By Emily Anagnostos and the ISW Iraq Team
Prime Minister Haidar al-Abadi announced the launch of operations to retake Ninewa Province and Mosul from ISIS at dawn on October 17. PM Abadi named Deputy Army Chief of Staff Lt. Gen. Abdul al-Amir Jarallah as commander of the operation. The Iraqi Security Forces (ISF) and Peshmerga began offensives on the Khazar-Gwer axis, southeast of Mosul, and moved north from the Qayyarah airbase, retaking several villages. ISIS offered minimal resistance to the joint forces’ advance and may elect to withdraw the bulk of its forces to Mosul to await the city offensive.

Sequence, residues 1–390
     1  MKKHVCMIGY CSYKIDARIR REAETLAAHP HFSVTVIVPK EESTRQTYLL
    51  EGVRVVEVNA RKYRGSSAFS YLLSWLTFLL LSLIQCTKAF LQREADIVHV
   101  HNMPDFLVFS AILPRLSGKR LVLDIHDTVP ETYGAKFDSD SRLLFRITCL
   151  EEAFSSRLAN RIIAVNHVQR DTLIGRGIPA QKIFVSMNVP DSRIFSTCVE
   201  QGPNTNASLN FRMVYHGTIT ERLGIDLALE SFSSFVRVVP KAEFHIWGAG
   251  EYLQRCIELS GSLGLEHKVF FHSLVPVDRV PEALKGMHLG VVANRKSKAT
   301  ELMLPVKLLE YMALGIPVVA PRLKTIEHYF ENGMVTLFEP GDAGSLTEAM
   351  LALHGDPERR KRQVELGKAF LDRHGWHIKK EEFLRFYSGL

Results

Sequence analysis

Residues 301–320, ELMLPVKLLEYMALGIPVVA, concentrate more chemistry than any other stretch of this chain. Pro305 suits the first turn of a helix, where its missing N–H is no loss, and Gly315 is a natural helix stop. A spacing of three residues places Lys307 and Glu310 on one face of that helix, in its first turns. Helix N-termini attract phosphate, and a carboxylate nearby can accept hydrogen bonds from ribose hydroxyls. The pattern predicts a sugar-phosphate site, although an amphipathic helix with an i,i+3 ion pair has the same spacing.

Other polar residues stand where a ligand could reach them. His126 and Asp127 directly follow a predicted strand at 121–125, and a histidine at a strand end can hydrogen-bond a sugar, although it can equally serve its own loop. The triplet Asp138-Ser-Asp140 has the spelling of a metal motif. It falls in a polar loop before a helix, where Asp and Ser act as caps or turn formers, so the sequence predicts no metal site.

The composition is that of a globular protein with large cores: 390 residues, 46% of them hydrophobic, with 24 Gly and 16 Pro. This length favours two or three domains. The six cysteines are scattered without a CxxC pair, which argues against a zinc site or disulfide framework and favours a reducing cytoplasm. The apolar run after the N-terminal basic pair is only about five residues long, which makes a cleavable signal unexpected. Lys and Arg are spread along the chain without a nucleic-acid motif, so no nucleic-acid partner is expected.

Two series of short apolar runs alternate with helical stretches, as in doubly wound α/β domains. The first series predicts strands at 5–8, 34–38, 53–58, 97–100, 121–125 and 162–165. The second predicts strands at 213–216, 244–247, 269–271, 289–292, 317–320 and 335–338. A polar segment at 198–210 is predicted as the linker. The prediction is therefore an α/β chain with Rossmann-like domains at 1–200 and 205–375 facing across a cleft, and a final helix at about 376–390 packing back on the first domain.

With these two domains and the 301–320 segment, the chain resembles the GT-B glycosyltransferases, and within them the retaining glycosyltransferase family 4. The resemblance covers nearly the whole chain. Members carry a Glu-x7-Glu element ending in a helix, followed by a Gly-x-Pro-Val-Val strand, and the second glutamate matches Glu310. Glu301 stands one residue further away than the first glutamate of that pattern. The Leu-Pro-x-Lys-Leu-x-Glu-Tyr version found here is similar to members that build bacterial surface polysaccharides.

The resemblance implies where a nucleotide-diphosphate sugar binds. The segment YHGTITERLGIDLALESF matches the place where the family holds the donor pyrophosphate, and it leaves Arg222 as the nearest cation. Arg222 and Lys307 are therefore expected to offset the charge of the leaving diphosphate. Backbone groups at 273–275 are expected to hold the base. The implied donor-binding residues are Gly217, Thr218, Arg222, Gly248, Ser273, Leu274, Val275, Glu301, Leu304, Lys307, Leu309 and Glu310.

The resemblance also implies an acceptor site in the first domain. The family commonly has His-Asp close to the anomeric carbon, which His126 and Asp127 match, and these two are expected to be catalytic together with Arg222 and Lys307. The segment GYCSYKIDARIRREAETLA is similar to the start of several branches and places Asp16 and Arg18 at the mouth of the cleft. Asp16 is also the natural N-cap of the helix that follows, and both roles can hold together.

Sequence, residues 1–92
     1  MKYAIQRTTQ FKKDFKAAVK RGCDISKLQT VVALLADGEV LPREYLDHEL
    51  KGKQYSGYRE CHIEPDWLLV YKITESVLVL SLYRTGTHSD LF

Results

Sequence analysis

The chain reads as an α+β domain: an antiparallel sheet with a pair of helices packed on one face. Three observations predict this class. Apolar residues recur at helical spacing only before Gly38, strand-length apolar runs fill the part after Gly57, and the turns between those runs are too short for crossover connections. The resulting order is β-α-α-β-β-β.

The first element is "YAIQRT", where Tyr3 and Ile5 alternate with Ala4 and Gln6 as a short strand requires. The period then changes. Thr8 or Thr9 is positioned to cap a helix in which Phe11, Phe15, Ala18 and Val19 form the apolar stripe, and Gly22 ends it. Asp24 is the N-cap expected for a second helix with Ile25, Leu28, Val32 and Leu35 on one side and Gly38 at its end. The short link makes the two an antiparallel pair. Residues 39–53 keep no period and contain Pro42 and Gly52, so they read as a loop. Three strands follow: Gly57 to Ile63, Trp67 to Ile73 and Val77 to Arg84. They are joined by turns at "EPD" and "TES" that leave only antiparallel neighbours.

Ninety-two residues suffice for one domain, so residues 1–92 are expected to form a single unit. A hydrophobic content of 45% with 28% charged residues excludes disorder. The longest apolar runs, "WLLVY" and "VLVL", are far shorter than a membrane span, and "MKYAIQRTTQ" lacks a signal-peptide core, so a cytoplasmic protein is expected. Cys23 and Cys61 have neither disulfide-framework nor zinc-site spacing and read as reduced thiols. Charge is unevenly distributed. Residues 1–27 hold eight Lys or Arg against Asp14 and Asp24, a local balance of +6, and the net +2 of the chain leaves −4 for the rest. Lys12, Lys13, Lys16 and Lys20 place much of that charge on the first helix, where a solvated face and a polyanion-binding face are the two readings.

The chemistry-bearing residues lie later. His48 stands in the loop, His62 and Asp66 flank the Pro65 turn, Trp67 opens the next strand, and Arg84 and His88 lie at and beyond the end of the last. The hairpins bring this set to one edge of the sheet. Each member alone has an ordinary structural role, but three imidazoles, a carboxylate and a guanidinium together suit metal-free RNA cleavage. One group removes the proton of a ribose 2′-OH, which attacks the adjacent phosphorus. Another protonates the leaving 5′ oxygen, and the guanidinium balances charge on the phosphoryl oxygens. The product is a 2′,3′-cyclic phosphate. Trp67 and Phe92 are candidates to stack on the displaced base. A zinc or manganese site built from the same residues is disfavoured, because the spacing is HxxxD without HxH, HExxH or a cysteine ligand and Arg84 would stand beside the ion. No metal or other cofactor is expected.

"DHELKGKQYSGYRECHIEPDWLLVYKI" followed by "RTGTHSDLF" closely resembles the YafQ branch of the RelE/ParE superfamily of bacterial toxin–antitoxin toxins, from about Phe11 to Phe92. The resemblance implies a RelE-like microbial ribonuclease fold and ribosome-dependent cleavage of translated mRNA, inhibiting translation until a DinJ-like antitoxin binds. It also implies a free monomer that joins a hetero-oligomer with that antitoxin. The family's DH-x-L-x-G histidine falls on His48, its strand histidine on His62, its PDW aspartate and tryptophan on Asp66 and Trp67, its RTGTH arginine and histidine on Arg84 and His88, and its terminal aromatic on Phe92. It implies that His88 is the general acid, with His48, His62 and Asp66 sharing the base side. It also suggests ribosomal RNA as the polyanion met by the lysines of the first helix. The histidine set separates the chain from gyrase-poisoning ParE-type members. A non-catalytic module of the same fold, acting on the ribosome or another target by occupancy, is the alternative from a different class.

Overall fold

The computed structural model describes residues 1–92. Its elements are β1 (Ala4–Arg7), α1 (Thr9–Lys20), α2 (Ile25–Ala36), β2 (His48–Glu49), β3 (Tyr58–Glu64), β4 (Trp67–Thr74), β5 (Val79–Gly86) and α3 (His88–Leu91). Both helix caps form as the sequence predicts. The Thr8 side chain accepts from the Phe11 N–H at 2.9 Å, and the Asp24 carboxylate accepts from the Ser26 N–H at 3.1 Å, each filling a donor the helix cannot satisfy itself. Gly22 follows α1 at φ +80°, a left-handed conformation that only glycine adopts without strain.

Security forces over the past several weeks have moved into position to begin a multi-axis offensive to encircle the city. Units from Counter Terrorism Service (CTS) and Iraqi Army moved to locations in Kurdish-held territory north and northeast of the city, where they have begun to work in parallel with Peshmerga forces around Khazar and Gwer. Units from the Peshmerga affiliated with the Patriotic Union of Kurdistan (PUK) also moved into primarily Kurdistan Democratic Party (KDP) terrain around Khazar. Coordination between the KDP and PUK Peshmerga is rare and was likely the result of a still undisclosed agreement. Shi’a militias, including Iranian-backed groups, have deployed into the vicinity, primarily around Qayyarah and Shirqat, where they will likely shadow militia-friendly ISF units northwards. Turkey also responded to the launch of the Mosul operation, moving military forces along the Iraqi border as Turkish President Recep Erdogan maintained Turkey’s right to intervene in Iraq. Coordination between forces in Iraq remains high, although complications may ensue as these forces near the city itself and prospects for Mosul’s post-ISIS administration become more immediate.